Officials initially suggested the NSA contractor accused of stealing piles of state secrets, dubbed the "second Snowden," may have simply kept the files for himself. Now, they might be changing their tune. Investigators say there are "forensic clues" that Harold Thomas Martin III is the source of the NSA hacking tools put up for auction online by the anonymous Shadow Brokers group. The tools—essentially computer codes, plus instructions— were among the files Martin allegedly stole, though investigators don't know whether he leaked or sold them or whether someone (perhaps a hacker) stole them from him, reports the New York Times. Authorities have not conclusively linked him to the Shadow Brokers.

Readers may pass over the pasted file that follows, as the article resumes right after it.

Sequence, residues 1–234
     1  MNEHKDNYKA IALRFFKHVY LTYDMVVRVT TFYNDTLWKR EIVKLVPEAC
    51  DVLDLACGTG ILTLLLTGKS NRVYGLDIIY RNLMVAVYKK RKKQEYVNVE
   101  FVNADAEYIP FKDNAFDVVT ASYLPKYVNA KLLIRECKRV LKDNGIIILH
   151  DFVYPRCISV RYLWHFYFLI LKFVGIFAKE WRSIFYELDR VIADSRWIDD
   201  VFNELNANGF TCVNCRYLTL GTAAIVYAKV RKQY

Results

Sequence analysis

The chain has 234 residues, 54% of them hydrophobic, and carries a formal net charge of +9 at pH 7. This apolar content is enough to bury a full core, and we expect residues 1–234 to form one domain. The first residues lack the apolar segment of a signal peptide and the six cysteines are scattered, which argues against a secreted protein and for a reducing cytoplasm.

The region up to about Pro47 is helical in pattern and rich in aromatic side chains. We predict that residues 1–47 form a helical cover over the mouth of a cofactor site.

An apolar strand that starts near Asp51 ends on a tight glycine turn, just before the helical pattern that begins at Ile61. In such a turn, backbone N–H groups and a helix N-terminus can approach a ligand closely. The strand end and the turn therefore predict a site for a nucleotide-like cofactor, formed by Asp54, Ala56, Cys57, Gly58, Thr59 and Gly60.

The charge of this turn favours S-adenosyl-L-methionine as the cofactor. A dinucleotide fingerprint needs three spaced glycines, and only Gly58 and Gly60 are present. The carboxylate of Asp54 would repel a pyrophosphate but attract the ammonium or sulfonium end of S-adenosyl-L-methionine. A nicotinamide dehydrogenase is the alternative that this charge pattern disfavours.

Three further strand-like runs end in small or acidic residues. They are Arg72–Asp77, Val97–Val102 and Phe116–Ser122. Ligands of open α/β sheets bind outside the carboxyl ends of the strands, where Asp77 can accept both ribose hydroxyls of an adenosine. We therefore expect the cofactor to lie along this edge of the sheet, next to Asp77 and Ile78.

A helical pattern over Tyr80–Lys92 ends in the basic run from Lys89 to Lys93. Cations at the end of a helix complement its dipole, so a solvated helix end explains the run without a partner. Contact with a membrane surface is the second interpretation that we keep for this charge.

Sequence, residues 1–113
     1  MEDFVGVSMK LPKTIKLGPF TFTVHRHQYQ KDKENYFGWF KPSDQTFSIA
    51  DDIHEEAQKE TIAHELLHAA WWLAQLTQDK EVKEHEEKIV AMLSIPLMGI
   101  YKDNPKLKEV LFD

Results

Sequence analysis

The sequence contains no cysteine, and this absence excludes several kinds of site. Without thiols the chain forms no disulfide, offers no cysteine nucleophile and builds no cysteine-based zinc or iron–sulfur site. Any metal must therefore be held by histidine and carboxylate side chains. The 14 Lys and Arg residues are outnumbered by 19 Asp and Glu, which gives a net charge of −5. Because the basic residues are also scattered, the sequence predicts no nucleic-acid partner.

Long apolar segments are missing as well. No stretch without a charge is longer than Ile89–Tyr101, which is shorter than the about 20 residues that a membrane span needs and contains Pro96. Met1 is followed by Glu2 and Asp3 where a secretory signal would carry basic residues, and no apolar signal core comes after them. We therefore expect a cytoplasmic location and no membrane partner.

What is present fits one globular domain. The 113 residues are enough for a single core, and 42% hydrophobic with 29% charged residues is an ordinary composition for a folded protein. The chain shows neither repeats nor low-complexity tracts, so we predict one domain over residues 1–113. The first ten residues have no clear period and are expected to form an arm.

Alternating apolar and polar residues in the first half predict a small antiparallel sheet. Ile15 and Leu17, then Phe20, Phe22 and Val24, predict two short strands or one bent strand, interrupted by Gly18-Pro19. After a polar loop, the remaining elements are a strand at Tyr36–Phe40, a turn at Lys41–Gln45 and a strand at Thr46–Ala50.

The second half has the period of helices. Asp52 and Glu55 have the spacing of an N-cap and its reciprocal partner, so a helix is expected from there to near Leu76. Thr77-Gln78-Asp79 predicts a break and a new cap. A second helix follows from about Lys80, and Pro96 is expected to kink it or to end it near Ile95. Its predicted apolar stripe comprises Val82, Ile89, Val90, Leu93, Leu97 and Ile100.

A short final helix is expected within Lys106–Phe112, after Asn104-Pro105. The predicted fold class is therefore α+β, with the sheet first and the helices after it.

Officials turned their eyes to Martin—who once held a support role with the NSA's top hacking unit, per the Washington Post—based on something he'd posted online, though it isn't clear what that was. Thousands of pages of documents and "many terabytes" of data were then discovered in his home, car, and shed during an Aug. 27 raid, investigators say, making this "by far the largest unauthorized leak of classified material from the classified sector," per the Times. Martin allegedly says he took the files home so he could study them and become better at his job—people who know him say he's patriotic and would never leak secrets—but investigators aren't convinced. (Read more National Security Agency stories.)